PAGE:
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  • Review
  • Open Access

Diverse functions of miR-373 in cancer

Contributed equally
Journal of Translational Medicine201513:162

https://doi.org/10.1186/s12967-015-0523-z

  • Received: 29 September 2014
  • Accepted: 6 May 2015
  • Published:

Abstract

MicroRNAs (miRNAs) are small noncoding RNAs that regulate gene expression post-transcriptionally. They are involved in almost all cellular processes, and many have been described as potential oncogenes or tumor suppressors. MicroRNA-373 (miR-373), which was first identified as a human embryonic stem cell (ESC)-specific miRNA, is suggested to be implicated in the regulation of cell proliferation, apoptosis, senescence, migration and invasion, as well as DNA damage repair following hypoxia stress. Deregulation of miR-373 has been demonstrated in a number of cancers, whether it acts as an oncogene or a tumor suppressor, however, seems to be context dependent. In this review, we focus on the diverse functions of miR-373 and its implication in cancers.

Keywords

  • microRNAs
  • miR-373
  • Cancer
  • Proliferation
  • Invasion
  • Oncogene

Introduction

MicroRNAs (miRNAs) are small noncoding RNAs approximately 22 nucleotides (nt) in length that are engaged in virtually all cellular processes [1, 2]. Generally, miRNAs negatively regulate gene expression by repressing translation or inducing degradation of target messenger RNAs (mRNAs). However, miRNAs can also positively regulate gene expression by modulating promoter activity or activating translation [35]. In mammals, miRNAs are predicted to control the activity of ~50 % of all protein-coding genes, and deregulated expression of miRNAs has been implicated in a variety of human diseases including cancer [2].

miRNA-373 (miR-373) was first identified as one of the human embryonic stem cell (ESC)-specific miRNAs [6]. Subsequently, it was validated as a potential novel oncogene with the evidence that it can permit proliferation and tumorigenesis of primary human cells harboring both oncogenic RAS and active wild-type p53 [7]. From that time forth, the functions of miR-373 in tumors as well as the potential targets of miR-373 have been an interested research field. miR-373 has been documented to suppress target mRNAs translation and/or degrade target mRNAs [728], besides, it can also induce target genes expression [4, 2931]. Deregulation of miR-373 has been demonstrated in a number of cancers, while indisputable evidence has demonstrated that miR-373 is an oncogene [7, 8, 10, 11, 14, 15, 1821, 32, 33], solid documents suggested its tumor suppressor character [13, 16, 2224, 27, 30, 31, 34, 35]. The focus of this review is to highlight the diverse functions of miR-373 and its implication in cancer.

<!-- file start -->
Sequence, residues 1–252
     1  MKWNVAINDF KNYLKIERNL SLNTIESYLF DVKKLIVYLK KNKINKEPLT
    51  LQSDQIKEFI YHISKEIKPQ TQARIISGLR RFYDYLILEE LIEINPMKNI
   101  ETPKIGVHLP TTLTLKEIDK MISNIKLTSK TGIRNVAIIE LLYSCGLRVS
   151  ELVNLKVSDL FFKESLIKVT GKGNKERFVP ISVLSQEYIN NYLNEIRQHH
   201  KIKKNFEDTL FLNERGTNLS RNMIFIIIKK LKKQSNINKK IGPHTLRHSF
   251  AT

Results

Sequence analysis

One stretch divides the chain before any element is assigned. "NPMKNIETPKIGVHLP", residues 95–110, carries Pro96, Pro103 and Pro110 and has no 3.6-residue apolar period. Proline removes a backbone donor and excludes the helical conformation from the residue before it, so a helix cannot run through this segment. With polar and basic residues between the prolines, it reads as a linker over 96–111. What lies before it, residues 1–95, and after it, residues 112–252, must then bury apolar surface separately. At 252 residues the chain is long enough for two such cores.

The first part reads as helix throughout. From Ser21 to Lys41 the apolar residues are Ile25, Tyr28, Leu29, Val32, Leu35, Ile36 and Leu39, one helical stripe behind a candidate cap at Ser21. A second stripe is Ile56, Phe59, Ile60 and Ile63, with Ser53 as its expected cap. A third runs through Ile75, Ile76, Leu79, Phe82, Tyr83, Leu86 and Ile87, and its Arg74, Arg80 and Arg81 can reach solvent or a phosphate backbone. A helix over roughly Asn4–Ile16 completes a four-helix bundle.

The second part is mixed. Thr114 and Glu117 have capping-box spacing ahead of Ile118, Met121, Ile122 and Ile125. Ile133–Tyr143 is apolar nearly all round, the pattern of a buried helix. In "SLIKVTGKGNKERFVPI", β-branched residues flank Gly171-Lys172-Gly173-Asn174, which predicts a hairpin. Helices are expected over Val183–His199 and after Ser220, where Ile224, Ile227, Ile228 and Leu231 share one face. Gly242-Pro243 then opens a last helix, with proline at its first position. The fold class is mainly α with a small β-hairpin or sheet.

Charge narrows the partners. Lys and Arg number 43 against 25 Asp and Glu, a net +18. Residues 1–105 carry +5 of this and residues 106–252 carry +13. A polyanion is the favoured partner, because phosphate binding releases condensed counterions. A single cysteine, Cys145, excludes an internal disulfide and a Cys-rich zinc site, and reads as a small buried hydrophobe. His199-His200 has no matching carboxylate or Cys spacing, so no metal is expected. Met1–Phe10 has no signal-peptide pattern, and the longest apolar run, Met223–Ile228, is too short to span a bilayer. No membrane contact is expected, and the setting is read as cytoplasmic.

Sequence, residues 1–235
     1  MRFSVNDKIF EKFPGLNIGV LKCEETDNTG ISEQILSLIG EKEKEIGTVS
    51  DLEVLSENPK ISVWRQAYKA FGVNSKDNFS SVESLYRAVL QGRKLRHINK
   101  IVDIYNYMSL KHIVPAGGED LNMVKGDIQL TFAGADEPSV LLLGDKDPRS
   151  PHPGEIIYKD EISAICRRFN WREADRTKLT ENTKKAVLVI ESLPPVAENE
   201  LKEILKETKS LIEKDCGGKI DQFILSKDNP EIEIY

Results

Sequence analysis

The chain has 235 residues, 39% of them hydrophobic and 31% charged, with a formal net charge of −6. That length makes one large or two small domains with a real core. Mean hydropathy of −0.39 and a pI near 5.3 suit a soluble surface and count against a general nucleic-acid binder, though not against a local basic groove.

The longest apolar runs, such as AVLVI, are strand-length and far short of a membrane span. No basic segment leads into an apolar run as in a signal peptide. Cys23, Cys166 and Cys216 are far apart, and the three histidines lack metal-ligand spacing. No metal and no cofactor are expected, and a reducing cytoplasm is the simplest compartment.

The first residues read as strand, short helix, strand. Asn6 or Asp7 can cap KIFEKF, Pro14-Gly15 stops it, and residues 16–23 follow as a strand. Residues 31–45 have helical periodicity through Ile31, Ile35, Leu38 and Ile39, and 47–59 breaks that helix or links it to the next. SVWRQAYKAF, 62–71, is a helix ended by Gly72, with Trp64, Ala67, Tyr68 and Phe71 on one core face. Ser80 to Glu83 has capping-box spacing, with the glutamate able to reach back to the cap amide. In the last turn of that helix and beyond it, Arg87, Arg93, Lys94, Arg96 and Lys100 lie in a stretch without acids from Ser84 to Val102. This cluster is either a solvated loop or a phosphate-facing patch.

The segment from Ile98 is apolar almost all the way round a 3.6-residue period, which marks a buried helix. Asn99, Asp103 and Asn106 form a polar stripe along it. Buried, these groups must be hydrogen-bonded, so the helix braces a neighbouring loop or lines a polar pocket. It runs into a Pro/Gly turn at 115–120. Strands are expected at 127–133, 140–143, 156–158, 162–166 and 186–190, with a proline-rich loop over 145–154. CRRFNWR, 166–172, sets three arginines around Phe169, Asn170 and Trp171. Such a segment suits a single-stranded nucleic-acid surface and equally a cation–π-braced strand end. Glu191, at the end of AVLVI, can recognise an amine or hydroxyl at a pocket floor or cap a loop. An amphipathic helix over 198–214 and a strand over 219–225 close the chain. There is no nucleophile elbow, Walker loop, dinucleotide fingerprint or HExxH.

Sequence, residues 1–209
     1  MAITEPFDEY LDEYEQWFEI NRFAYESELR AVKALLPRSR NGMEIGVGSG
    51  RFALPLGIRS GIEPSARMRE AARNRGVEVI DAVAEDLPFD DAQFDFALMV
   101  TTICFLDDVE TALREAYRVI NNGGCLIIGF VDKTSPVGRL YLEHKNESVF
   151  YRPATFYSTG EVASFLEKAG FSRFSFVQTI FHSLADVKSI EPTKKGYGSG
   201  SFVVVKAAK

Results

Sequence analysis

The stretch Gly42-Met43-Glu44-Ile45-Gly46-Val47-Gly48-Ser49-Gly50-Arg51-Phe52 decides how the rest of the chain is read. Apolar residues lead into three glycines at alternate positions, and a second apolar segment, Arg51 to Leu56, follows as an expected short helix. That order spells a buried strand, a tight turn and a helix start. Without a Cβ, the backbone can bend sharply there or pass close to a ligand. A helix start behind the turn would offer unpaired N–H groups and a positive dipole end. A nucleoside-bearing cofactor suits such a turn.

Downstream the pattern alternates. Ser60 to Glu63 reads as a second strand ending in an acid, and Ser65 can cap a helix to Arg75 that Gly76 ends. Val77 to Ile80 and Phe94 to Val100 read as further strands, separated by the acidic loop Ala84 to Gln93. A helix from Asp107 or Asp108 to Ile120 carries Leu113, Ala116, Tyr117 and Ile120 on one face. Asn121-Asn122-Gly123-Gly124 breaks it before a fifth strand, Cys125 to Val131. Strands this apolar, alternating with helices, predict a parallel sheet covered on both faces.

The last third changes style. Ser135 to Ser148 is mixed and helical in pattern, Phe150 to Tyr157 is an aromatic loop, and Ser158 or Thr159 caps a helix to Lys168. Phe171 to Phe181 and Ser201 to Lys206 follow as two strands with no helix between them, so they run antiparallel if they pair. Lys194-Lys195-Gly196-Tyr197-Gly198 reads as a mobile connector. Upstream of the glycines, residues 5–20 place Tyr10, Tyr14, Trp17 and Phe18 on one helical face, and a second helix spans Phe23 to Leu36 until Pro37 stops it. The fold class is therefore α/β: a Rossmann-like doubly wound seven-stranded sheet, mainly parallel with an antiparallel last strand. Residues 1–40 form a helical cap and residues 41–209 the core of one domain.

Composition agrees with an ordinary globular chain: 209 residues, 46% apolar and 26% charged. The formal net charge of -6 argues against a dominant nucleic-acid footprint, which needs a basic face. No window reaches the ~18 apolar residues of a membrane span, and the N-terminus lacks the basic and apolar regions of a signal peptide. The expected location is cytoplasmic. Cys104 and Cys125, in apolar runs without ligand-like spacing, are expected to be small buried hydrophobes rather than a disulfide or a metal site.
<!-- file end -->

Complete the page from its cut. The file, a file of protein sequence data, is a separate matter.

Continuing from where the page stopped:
Functions of miR-373

miR-373 is located in the chromosomal band 19q13.4. It belongs to miR-371-3 gene cluster that is transcribed into polycistronic primary transcript pri-miR-371-3. The pri-miR-371-3 is then processed into 3 pre-miRNAs (pre-miR371, pre-miR-372 and pre-miR-373), giving rise to four mature miRNAs (miR-371, miR-372, miR-373 and miR-373*) [6, 7]. miR-373 is one member of miR520/373 family, which consists of three different miRNA clusters possessing identical seed region, miR-302/367, miR-371/372/373 and miR-520 [8, 18, 22]. Therefore, when we discuss the functions of miR-373 here, we should bear in mind that other members of miR-520/373 family may possess the same functions.

miR-373 orchestrates its functions either by pairing to the 3’ untranslated regions (UTR) of specific mRNAs to post-transcriptionally down-regulate gene expression, or by binding to the promoters of target DNAs to up-regulate gene expression. Numerous target mRNAs and DNAs have been verified [4, 731], contributing to the potential roles of miR-373 in cellular processes (Table 1). So far, miR-373 has been elucidated to participate in the regulation of cell proliferation [10, 14, 16, 1921, 23, 33], apoptosis [26, 27], senescence [7], mesendoderm differentiation [36], migration and invasion [8, 11, 18, 19, 2325, 30, 31], it was also involved in hypoxia response as a hypoxia-induced miRNA, taking part in DNA damage repair [9] (Fig. 1).
Table 1

Verified direct targets of miR-373

Gene Symbol

Description

Regulationa

References

LATS2

large tumor tuppressor, homolog 2

[7, 10, 12, 21]

CD44

CD44 molecule

[8, 11, 21]

CDH1

cadherin 1, type 1, E-cadherin

[4, 2931]

CSDC2

cold shock domain containing C2, RNA binding

[4]

RAD52

Rad52 DNA Repair and Recombination Protein

[9]

RAD23B

RAD23 homolog B

[9]

MBD2

methyl-CpG binding domain protein 2

[13]

NFIB

nuclear factor I/B

[17]

RAB22A

RAB22A, member RAS oncogene family

[16, 24]

PPP6C

protein phosphatase 6, catalytic subunit

[14]

TXNIP

thioredoxin interacting protein

[15]

RABEP1

rabaptin, RAB GTPase binding effector protein 1

[15]

RelA

v-rel avian reticuloendotheliosis viral oncogene homolog A